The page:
While reading about fusion reactors, I noticed that an alternative molten salt can be used, this is a 1:1:1 mixture of LiF, NaF and BeF2. I expect that this will be rather similar to Li2BeF4 but I could not resist having a look in the crystallography database. I found that a report exists of Na3Li.2[BeF4] (J. Vicat, Duc Tran Qui, S. Aleonard and P. Richard, Acta Crystallographica B, 1974, 30(11), 2678-2682).
This is a more complex solid that the Li2BeF4, the lithium is five coordinate (distorted trigonal based pyramidal).
Two of the sodiums has a distorted square based pyramidal geometry. (Na1 and Na2). While Na3 is six coordinate the geometry is so distorted away from octahedral that I can not tell what it is. Here is a picture of Na1’s coordination environment.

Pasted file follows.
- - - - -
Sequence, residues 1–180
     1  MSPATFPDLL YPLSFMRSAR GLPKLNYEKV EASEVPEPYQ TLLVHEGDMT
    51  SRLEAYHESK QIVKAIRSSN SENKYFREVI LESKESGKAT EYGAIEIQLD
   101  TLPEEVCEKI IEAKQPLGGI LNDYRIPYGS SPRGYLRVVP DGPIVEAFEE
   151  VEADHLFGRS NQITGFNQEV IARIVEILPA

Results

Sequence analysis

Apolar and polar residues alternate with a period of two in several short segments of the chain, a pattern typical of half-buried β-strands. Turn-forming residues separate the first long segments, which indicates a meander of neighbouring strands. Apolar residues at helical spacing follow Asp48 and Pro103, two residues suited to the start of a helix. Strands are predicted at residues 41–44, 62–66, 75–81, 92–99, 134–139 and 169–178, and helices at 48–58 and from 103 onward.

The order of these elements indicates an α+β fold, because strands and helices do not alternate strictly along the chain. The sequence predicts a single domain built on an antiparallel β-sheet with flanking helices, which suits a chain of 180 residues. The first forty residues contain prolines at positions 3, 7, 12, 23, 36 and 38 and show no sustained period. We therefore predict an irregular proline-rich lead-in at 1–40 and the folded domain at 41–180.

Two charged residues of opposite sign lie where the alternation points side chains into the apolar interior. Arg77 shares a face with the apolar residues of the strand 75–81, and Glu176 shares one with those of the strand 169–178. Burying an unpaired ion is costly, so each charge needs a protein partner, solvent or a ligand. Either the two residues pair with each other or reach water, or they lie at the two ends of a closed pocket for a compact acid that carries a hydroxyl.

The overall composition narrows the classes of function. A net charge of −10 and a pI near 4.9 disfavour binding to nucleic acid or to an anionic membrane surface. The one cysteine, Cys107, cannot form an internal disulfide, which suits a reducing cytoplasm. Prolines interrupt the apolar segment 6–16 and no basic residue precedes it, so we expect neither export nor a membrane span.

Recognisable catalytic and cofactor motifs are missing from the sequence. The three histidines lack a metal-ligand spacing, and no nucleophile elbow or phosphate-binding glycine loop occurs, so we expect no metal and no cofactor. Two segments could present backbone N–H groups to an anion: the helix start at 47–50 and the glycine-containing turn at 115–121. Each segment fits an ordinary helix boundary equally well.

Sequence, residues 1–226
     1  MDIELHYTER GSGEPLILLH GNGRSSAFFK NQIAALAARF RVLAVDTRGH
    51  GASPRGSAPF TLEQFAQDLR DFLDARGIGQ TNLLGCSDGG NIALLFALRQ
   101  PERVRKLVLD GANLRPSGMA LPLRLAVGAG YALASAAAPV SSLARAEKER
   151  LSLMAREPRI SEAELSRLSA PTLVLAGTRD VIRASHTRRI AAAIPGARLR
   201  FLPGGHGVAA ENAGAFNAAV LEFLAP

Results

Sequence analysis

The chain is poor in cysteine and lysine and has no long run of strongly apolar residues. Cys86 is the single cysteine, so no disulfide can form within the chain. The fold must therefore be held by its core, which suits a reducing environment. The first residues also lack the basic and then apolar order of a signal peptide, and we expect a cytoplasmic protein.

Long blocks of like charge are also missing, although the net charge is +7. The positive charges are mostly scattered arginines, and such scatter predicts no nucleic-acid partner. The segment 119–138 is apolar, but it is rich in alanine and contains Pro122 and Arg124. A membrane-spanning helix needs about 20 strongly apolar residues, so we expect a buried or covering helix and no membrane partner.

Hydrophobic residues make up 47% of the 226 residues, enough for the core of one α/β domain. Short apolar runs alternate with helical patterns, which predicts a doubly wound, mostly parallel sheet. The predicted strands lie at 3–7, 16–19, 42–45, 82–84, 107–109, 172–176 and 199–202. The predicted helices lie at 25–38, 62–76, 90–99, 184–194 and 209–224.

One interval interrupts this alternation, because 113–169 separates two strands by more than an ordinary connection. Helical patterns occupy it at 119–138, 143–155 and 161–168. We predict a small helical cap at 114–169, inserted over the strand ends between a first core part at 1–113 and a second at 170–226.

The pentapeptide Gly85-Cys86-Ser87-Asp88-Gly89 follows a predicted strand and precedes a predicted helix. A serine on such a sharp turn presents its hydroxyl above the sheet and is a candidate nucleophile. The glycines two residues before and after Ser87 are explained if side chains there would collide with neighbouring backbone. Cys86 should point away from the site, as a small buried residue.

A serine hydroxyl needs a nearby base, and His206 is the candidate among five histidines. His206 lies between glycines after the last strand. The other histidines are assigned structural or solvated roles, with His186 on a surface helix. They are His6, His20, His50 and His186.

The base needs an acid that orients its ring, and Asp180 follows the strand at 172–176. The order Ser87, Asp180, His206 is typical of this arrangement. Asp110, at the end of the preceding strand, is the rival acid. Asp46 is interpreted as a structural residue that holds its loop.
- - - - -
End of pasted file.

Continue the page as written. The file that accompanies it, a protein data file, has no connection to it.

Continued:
One of the berylliums (Be1) is has a nice and regular looking tetrahedral environment. I think that the important thing is that with the Be:F ratio of 1:4 we have the nice tetrahedrons.
The other (Be2) has a distorted tetrahedral environment (one bond is longer than the others, this is the bond to the flourine bonding to the sodium and the lithium).
Also a report exists of a Na2LiBeF7 by G. Brunton, Materials Research Bulletin, 1972, 7, 641-646. I will get onto that one in the next post on Be chemistry.